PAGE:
The site of the shootings at Kent State are a National Historic Landmark. Permanent memorials are erected on the spots where the four students died and events are held each year at the university to commemorate them.
And while this year's memorial cannot take place because of the coronavirus pandemic, it is important that we remember the unjust deaths of those students and the inadequate response of the United States government.
To mark the massacre's 50th anniversary, Kent State are holding a video event, whilst the Kent State Truth Tribunal has published a series of video lectures you can watch.
People are also sharing their reflections on Twitter.
Note: Some images may be upsetting
The first photo seen here was taken by Kent State photojournalism student John Filo, winning him a Pulitzer Prize. The body in the photo is that of Jeffrey Miller, who was killed instantly after being shot in the mouth.
Ohioan political scientist Sara Wallace Goodman also shared her reflections on the importance of remembering the massacre.
One should not assume the army/police/national guard is on your side. Sadly, this is not a lesson POC students need to learn today.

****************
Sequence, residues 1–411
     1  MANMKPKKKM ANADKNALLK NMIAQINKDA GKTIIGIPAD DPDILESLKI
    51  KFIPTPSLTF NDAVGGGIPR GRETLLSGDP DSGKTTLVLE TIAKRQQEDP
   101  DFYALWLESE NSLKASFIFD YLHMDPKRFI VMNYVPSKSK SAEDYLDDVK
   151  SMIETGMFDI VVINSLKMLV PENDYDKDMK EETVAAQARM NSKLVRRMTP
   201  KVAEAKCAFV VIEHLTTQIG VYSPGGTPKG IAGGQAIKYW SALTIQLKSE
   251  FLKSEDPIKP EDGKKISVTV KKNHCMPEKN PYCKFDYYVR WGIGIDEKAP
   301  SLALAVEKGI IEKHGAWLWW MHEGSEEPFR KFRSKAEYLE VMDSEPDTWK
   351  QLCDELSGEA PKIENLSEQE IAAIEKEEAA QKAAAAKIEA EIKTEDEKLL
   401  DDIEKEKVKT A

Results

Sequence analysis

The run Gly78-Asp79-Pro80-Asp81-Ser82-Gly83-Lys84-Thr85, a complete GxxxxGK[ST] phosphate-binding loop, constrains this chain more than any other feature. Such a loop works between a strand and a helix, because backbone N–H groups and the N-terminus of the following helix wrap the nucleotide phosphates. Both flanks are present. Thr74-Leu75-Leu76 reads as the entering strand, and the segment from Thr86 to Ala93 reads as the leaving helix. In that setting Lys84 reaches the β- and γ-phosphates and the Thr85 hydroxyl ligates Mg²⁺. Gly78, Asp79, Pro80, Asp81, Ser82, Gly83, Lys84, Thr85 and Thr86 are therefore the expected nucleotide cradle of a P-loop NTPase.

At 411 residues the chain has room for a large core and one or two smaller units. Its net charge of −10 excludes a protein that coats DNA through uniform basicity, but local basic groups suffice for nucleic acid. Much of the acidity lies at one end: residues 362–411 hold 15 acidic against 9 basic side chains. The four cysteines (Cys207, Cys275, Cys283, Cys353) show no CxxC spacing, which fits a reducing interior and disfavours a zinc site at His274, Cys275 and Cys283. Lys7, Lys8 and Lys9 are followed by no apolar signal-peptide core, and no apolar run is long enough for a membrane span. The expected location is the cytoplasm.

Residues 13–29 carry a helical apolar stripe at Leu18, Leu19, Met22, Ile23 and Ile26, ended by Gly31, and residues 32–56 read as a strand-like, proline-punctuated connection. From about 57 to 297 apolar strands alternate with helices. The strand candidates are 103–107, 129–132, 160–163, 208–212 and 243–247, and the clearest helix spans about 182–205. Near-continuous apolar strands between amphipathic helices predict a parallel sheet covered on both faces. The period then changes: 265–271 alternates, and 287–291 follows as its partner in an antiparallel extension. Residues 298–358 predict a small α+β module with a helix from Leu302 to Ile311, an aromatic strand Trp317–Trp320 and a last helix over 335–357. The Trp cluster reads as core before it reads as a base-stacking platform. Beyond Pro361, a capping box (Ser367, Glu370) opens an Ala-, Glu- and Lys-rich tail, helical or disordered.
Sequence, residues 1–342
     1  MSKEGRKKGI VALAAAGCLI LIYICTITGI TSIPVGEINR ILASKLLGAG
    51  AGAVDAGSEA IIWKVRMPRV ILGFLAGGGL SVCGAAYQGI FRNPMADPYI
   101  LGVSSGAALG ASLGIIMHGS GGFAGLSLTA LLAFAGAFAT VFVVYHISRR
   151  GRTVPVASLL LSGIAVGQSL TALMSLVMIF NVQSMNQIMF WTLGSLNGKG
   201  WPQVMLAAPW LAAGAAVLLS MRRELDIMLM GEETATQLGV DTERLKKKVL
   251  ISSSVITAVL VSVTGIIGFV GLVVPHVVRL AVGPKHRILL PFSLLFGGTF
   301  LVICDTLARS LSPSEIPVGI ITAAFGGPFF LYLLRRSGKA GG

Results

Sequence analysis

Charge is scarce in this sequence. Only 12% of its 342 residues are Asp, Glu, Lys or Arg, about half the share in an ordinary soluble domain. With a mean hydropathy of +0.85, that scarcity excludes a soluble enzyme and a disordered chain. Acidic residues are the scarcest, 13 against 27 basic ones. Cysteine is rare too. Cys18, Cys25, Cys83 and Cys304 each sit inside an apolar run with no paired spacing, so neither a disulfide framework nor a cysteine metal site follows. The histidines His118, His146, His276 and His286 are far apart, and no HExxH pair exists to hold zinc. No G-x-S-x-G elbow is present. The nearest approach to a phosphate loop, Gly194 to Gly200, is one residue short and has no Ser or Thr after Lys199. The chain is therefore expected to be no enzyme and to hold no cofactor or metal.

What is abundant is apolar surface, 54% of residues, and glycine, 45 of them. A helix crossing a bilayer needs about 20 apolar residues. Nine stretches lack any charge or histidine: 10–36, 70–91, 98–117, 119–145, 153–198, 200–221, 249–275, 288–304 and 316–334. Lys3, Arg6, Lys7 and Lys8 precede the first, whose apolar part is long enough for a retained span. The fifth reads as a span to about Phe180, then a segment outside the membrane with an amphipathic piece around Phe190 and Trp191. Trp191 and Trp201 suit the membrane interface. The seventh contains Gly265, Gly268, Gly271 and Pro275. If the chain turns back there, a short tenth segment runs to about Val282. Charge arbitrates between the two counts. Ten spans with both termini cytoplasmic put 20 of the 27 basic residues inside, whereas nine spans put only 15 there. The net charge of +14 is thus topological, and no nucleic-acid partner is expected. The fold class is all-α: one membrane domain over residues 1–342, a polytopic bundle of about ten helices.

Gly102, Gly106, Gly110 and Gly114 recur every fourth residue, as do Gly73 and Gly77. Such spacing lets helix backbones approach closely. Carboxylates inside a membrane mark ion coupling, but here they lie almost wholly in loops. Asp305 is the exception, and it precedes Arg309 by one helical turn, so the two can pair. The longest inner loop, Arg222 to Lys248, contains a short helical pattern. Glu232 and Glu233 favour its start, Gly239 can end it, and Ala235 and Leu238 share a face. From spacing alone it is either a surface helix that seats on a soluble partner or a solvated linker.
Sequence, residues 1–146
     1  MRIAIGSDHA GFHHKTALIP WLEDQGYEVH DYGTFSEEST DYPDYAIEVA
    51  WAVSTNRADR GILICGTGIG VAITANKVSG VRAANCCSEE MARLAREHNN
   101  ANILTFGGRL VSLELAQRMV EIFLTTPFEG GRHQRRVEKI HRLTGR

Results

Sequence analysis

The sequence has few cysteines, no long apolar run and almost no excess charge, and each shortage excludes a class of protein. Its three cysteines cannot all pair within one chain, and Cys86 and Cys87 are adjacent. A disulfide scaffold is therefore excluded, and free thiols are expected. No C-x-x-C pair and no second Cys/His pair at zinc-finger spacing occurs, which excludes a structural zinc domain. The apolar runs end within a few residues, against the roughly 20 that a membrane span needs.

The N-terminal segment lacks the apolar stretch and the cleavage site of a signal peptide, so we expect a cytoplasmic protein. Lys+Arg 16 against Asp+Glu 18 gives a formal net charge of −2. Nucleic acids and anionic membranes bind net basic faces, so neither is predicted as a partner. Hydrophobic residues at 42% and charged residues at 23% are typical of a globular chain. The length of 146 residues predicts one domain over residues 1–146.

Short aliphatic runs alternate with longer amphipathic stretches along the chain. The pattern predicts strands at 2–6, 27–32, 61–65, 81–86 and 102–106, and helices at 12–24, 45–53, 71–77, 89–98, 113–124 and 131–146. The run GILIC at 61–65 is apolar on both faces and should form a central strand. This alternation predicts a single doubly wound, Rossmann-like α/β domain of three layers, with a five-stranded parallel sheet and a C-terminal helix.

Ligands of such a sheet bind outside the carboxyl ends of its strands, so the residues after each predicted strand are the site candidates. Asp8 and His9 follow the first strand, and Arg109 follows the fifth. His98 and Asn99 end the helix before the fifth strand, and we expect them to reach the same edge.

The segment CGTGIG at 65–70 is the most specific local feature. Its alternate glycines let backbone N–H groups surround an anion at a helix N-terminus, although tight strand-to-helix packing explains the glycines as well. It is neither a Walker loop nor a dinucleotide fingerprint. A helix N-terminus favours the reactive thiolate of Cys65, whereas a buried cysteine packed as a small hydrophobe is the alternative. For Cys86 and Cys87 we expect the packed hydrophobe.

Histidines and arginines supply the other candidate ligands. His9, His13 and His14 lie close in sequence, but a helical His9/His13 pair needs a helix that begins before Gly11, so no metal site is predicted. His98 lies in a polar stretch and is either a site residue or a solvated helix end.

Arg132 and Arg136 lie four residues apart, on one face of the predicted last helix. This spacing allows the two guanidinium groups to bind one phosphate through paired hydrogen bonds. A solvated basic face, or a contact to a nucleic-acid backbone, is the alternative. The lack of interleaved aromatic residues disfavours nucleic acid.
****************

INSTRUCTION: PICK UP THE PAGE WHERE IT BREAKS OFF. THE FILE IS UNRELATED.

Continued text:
Because three of the four victims killed were Jewish, some, like Yiddish news organisation The Forward, considered how best to honour this aspect of the students's legacy.
Others reflected on the parallels between government violence and neglect then versus today.
The Kent State Massacre serves as a stark and important reminder that those who are supposed to protect us can be the ones doing us harm. And that they won't necessarily face repercussions for it.
People continue to die because of government inaction and violence in the United States and beyond. Almost 300 US civilians have been shot by police so far this year, a disproportionate numer of whom are people of colour. Last year, 1,004 people in the US were fatally shot by police.
Police brutality is also a problem in the UK. Officers used force against people 62,000 times between 2017 and 2018. More than a third of these incidents involved black people.
Meanwhile, governments the world over are being scrutinised for their handling of the coronavirus pandemic which is claiming thousands more lives every day.
Now is an important time for us to hold our governments to account, and to distinguish between deaths that are accidental and deaths that are avoidable.
The Kent State Massacre and the Jackson State killings were heartbreaking tragedies. But they were also deeply and irrevocably political.
When a government, or its police or military, can kill its own citizens and walk away without repercussion, we must acknowledge this for what it is: a grave injustice. And we must honour the legacy of the students who died this week half a century ago by always holding our governments to account when they attempt to justify their own violence or inaction.